PS: actually, I don't do the whole driveway, just the part at the top (slopes up to the street) in front of and around where we keep the car at those times.
And just that is a real bitch, with that snow-plow truck coming by every 90 minutes or so.
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snipped-for-privacy@panix.com (David Combs) wrote: -snip-

Check out a single stage. My old Toro electric gets pulled out when we get super wet snow. It will empty a slush-puddle and toss that slop 20 feet. [good heavy slush will go 30. . . regular snow 40+.]
They don't cut ice chunks like a big honking gas machine-- but for wet snow. . .
Jim
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snipped-for-privacy@panix.com (David Combs) wrote:

When I spent a lot of time outside my best/warmest/longest wearing mittens were a pair of unlined leather mittens and a couple pairs of wool liners. The mittens were big enough that if I needed to use fingers sometimes I could wear a pair of gloves in them instead of the knit mittens. The leather shed most wet snow and never wore out.
The looked similar to these- http://duluthpack.com/plunge-mitts.html?gclid=CPOg5JvolbQCFUOK4AodPGQADQ

For walking mittens are great.

i'll repeat the recommendation for a snow blower.<g> you're obviously too friggin' old to be shoveling snow if your hands still get cold while you're working.
Jim
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REI would be my first choice Snowmobile mittens is also a choice
The new Fleece lined ones can be quite warm In many the liner and outer shell are separate and you can buy more liners to just were them without the liner The thing with fleece is that some of them are way too thick and give you sweaty hands that will chill in the long run Balancing the thickness of the fleece vs how cold it is is the trick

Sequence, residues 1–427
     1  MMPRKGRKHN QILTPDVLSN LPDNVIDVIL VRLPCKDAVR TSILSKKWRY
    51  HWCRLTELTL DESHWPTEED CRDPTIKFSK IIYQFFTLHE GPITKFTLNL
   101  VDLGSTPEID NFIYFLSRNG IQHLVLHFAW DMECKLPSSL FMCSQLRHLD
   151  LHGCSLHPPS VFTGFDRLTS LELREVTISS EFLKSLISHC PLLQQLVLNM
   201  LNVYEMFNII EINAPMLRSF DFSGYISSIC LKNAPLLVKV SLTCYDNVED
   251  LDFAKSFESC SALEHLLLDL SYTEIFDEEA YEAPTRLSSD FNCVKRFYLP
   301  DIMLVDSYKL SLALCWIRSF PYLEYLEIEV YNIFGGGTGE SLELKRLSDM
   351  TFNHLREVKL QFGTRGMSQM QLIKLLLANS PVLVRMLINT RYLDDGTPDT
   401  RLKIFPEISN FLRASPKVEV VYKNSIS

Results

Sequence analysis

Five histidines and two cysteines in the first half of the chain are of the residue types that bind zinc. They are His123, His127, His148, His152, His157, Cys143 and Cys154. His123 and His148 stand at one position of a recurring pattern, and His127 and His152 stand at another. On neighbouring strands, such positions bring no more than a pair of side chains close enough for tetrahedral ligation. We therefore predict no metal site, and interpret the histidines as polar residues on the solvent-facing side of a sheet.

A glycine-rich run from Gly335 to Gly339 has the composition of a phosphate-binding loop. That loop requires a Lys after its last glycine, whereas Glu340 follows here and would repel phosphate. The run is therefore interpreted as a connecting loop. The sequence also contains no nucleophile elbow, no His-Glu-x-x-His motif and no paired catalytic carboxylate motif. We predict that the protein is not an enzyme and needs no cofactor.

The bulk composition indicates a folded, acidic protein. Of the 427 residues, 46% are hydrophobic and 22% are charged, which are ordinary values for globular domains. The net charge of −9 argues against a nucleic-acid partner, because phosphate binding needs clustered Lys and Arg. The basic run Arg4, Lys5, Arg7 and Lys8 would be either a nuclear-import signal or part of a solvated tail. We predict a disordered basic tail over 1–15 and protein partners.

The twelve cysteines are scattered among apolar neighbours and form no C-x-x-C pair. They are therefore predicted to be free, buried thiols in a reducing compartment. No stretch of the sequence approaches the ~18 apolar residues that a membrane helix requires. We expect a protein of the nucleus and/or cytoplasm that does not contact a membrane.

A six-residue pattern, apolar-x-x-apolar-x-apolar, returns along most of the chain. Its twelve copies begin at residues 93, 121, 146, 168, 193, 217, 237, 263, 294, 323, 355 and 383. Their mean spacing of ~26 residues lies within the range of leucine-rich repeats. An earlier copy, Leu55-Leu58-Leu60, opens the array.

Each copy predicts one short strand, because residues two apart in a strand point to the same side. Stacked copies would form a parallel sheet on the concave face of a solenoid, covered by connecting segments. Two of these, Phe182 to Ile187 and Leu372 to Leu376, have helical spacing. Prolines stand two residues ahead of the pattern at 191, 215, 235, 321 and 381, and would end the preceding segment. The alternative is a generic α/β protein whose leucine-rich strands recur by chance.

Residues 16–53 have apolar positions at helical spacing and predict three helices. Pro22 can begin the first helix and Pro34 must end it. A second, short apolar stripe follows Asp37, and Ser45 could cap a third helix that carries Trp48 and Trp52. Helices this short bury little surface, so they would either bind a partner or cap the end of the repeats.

When I'm out in the woods I wear 3 layers 1) Tight-knit fingertip-less gloves 2) Fleece gloves 3a) Nylon waterproof shell mittens 3b or fleece-lined waterproof shell mittens With that combination, I have been comfortable right down to -40
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Any store that supplies farmers, mechanics, linesmen etc., i.e. people who must work out of doors in all weathers. The nearest to me is called Princess Auto.
--
Don Phillipson
Carlsbad Springs
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On 12 Dec 2012 15:39:17 -0500, snipped-for-privacy@panix.com (David Combs) wrote:

Gander Mountain if you have one of those stores nearby. Otherwise, find a local leather shop, or find a woman that sews and knits and have them custom made.
Some of the rural farm supply stores also have a lot of that stuff.
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I can't be positive, but after returning two down coats, one an alleged "Alaskan Guide Parka" (whatta laugh!) to has-been Bean and Crapelas, I'm gonna try these guys:
http://www.refrigiwear.com/Gloves/id-0419/Double_Insulated_Cowhide_ ???
I recall wearing a Refrigiwear coat decades ago, it being so dang warm hadda occasionally take it off to avoid sweating. I don't know if this is still the case all these years later, but their stuff is still USA made. I also notice they have XXL glove sizes.
HTH nb
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I have trouble finding loose gloves. Mittens are necessary for best warmth. Try a ski shop, sporting goods. One year I bought a thin glove with metal reflecting shreads in it, to be used alone or with gloves. Seemed to work well.
Greg
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Thanks, all. Will check out some the places mentioned!
David
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Thanks again!
David